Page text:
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Going Green Could Save The World $22 Trillion

According to economists, improvements in energy efficient buildings, public transit, and better recycling and waste management initiations could save over $22 trillion. And cities that spend the money to make “green” improvements and adjustments to their community will benefit more financially in the long run, and continue to save money that would otherwise be spent on more costly and less environmentally-sound maintenance of the city.

In addition to the massive cost-cutting benefits, the economist’s suggested global movement towards energy efficiency could prevent the carbon pollution equivalent of India’s entire greenhouse gas output annually. The suggested preemptive climate-saving changes could save money spent by cities around the world, as well as prevent further spending on combating the negative effects of climate change.

An independent organization comprised of seven different countries’ leading finance ministers and research institutions called The Global Commission on Economy and Climate released their findings this September. Economists, financial experts, researchers, and scientists from Colombia, Ethiopia, Indonesia, Norway, South Korea, Sweden and the United Kingdom agree that a global movement towards “green” cities could save trillions of dollars.

Among the benefits the group listed as a side-effect of the world enacting energy-efficient initiatives were increased global living conditions, health, and quality of life as well as financial benefits and cost-savings. They also claimed the climate-conscious improvements to the world’s cities would dramatically reduce poisonous carbon pollution and greenhouse gas emissions.

The estimated savings of over $22 trillion could feasibly be reached by 2050 if world governments began making energy effective efforts within the year, according to expert analysis. The global savings would come from reduced costs from saving money on transportation, buildings, and waste disposal.

Researches also found that by 2030, the cost-effective efforts would simultaneously prevent 3.7 gigatonnes of greenhouse gas emissions per year. But advocates within the group have acknowledged that the environmental benefits are not enough to tempt many world governments from enacting more energy efficient changes within their cities, so they performed the study to prove the cost-effective financial benefits of city upgrades to transportation, waste management, and buildings.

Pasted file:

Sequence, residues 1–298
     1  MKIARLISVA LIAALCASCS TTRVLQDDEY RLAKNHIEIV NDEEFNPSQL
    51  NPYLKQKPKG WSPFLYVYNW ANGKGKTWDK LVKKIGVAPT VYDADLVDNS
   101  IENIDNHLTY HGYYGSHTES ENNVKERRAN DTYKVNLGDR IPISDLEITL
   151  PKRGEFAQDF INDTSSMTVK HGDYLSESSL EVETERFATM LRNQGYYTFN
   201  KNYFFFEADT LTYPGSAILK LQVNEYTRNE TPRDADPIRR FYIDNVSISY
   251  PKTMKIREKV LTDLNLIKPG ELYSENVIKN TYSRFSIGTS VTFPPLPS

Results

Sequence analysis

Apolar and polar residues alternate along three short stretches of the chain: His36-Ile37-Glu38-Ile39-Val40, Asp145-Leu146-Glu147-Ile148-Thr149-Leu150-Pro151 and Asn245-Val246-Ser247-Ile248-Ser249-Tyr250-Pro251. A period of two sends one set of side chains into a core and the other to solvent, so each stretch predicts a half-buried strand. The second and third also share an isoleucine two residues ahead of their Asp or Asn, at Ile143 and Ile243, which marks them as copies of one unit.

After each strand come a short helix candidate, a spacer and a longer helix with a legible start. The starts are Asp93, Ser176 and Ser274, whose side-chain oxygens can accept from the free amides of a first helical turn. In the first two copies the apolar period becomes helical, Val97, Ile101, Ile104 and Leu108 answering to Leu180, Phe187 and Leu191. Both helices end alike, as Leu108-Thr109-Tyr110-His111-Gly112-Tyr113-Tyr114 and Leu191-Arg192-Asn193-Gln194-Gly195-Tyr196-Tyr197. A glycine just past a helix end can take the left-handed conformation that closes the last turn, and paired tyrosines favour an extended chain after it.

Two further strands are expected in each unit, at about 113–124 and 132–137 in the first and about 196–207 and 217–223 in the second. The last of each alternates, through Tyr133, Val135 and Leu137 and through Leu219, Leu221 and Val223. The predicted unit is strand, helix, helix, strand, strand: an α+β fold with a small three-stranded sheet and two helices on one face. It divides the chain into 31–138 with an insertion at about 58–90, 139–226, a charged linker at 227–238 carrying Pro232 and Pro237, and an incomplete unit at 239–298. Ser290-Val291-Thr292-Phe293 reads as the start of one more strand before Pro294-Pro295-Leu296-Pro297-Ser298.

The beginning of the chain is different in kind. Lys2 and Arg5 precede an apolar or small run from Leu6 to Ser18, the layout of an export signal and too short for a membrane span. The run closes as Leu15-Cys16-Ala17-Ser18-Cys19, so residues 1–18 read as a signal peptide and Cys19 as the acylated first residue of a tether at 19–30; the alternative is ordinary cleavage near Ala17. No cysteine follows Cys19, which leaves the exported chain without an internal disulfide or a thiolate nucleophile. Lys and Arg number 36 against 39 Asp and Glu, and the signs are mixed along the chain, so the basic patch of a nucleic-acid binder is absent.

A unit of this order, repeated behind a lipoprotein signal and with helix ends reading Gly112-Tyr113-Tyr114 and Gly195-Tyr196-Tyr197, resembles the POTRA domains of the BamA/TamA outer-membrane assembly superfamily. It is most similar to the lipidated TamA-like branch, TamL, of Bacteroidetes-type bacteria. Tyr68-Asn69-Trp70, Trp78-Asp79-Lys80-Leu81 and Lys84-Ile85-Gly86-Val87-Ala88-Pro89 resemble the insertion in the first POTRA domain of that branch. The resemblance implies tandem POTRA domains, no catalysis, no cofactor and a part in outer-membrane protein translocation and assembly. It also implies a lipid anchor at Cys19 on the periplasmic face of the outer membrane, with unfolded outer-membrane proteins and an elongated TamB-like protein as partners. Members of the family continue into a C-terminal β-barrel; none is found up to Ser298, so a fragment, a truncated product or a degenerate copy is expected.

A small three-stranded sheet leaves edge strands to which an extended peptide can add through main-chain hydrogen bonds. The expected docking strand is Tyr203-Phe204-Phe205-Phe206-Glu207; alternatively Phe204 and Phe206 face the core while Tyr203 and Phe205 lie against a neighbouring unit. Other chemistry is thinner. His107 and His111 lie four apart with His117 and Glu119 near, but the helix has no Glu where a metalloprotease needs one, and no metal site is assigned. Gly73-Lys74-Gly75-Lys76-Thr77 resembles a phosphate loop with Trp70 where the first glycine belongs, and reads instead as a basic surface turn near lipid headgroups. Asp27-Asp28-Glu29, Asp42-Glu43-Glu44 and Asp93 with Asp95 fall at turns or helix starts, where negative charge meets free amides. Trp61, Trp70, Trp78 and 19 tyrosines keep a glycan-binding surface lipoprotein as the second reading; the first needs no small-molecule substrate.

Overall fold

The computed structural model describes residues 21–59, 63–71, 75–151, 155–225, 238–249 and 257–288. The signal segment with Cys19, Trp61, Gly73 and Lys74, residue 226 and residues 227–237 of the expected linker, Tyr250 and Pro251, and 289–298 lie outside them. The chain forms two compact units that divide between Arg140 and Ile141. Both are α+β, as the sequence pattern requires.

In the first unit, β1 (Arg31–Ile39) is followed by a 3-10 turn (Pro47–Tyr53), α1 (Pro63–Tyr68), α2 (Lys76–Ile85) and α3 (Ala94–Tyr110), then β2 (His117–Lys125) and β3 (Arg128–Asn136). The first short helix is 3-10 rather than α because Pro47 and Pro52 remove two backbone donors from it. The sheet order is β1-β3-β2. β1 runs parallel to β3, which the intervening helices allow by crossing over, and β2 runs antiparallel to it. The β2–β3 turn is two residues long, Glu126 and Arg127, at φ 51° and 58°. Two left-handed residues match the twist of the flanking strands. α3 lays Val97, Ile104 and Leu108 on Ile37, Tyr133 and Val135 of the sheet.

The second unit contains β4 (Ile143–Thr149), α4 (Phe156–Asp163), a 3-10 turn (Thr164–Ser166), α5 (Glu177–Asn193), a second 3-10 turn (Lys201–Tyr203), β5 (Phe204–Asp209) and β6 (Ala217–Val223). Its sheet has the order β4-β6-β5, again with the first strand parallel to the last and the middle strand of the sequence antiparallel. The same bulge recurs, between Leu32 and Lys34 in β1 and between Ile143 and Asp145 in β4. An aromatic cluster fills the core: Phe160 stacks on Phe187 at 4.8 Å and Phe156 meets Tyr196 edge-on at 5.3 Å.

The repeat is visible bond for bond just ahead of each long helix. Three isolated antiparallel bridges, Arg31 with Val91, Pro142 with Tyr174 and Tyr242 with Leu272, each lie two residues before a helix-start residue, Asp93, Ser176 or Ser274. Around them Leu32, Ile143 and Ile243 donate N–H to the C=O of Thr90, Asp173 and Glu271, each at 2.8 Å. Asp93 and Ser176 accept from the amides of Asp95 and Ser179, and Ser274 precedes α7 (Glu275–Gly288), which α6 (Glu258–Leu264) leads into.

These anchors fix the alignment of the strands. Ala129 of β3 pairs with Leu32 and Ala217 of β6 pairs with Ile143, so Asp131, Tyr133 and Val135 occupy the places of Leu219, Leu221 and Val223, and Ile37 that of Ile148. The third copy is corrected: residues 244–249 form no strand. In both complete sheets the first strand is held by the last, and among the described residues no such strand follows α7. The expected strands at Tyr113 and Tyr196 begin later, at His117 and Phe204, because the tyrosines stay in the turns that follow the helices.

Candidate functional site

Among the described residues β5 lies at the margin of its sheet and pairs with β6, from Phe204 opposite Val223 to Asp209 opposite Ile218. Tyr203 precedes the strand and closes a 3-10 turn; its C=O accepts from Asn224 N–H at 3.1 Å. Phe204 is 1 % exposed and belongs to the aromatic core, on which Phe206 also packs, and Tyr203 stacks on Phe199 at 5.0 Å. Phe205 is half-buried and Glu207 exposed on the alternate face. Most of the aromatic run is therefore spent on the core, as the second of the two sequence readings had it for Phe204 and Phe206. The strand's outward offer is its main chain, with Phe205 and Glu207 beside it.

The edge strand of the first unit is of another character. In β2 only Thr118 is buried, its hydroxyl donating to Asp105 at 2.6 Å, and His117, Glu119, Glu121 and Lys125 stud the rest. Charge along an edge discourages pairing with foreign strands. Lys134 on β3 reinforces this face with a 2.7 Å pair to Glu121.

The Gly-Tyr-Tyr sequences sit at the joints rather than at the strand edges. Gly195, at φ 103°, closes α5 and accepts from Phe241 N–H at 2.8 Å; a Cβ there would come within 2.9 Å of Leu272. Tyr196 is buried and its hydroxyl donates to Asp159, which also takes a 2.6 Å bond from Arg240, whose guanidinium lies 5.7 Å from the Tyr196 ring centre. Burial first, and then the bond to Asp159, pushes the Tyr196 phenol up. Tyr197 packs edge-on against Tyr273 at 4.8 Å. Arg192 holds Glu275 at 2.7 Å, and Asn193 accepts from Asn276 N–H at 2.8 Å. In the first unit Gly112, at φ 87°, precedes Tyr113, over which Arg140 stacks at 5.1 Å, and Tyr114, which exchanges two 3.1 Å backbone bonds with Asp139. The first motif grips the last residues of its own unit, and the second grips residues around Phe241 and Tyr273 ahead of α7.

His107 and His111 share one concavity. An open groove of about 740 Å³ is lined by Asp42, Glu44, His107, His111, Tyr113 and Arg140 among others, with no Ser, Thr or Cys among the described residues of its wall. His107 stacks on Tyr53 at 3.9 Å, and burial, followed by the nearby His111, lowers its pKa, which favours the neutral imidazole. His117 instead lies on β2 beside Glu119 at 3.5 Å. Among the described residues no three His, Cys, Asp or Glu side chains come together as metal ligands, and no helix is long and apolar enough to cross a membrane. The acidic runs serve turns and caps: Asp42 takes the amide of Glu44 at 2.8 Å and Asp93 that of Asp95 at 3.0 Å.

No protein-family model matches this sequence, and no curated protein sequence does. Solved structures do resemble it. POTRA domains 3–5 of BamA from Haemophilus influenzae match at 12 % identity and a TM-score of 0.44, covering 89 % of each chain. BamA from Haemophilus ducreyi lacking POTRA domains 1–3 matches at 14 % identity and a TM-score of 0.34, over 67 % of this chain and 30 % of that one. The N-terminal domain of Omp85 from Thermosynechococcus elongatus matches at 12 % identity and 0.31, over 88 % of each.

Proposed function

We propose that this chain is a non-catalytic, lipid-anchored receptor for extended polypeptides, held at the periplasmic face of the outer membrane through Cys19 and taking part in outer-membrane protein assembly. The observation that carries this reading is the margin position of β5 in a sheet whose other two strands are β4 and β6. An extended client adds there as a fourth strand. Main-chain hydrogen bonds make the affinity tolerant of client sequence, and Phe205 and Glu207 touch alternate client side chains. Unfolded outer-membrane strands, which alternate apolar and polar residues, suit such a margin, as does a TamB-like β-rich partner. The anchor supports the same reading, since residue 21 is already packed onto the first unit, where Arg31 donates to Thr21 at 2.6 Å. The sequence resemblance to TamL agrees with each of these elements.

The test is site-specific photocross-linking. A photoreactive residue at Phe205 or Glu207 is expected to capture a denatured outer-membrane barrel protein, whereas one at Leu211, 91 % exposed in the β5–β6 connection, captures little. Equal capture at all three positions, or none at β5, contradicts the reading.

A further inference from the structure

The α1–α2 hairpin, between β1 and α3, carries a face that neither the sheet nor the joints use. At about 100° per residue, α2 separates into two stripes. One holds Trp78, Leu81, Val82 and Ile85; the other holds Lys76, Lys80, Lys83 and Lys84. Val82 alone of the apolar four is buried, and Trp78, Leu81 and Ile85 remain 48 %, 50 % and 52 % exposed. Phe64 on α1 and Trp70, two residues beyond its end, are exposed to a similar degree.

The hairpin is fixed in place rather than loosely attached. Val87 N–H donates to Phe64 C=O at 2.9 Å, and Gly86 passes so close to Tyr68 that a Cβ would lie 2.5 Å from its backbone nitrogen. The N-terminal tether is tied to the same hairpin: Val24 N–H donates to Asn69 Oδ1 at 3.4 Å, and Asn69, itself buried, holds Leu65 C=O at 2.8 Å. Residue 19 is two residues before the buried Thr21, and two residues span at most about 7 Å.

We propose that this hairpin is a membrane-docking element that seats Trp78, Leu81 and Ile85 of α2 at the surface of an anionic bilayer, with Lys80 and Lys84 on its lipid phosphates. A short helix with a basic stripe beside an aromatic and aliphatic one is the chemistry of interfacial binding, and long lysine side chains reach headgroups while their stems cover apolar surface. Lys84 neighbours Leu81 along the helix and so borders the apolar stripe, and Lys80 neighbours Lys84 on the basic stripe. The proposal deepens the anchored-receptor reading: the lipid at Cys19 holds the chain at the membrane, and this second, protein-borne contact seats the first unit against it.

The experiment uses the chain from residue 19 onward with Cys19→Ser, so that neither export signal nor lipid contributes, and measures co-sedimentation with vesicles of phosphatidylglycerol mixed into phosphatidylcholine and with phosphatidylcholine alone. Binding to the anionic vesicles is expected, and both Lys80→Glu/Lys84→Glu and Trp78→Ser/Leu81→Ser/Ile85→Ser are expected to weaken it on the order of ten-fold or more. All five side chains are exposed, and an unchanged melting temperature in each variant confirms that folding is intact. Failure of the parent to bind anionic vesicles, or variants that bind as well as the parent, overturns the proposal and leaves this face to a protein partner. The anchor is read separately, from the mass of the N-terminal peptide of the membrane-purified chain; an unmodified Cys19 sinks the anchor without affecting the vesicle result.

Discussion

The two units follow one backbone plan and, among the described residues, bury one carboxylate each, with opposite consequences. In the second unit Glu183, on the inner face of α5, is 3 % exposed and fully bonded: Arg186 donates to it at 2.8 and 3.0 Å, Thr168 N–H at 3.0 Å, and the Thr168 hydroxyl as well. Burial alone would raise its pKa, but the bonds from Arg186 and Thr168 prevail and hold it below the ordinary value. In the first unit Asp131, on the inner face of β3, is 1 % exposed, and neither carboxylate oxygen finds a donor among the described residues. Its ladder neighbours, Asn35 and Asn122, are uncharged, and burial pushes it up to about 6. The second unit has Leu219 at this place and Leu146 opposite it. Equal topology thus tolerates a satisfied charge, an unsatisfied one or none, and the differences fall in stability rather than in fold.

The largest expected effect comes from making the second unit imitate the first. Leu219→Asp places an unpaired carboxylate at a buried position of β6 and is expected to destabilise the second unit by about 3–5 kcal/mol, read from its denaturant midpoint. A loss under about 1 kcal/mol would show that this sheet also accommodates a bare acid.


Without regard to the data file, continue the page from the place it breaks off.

The study’s findings have disproved the concern that global energy efficient changes would be too costly. Researchers released the data to prove that reasonable improvements made to cities’ basic infrastructure could actually save them trillions of dollars, as well as reduce their pollution significantly within just 20 years.

Seth Schultz was among the economic researchers that were consulted for the report, in which he stated,“There is now increasing evidence that emissions can decrease while economies continue to grow. Becoming more sustainable and putting the world – specifically cities – on a low carbon trajectory is actually feasible and good economics.”

The report found that the most immediately noticeable changes, both financially and environmentally, would be in transportation. In many of the world’s largest cities, public transportation is almost non-existent, or is so dilapidated that it’s excessively expensive to run as well as extremely draining of costly and limited fossil fuels. Researchers said that by introducing more convenient and low-cost, energy efficient public transportation systems in every major city, lives could be saved from traffic accidents, commute times would be reduced by as much as 50% instantly, and millions of dollars would be saved in costs to run outdated transportation.

Individuals in urban areas would also save money personally by avoiding the expenses of owning, maintaining, and driving a car, while simultaneously reducing their individual carbon emissions, and would be travel statistically safer as well as faster. Improvements made in cities’ public transportations systems would create jobs and cut down on federal and personal costs, the study claims.

The study goes on to say that by making basic energy-efficient improvements in buildings, countless dollars could be saved in electricity spending, heat and cooling costs, and wasted water that racks up large bills. They even suggest that by harvesting biogas from waste management, cities’ waste could be harnessed as fuel to provide electricity to the cities’ communities, such as those already being done by Lagos in Nigeria and other cities around the world.

The suggested improvements for cities around the world could save an estimated $22 trillion as well as reduce harmful gas emissions, making the expert findings a powerful argument in the case for governments to make energy-efficient improvements a priority if they want to reduce national debt and spending.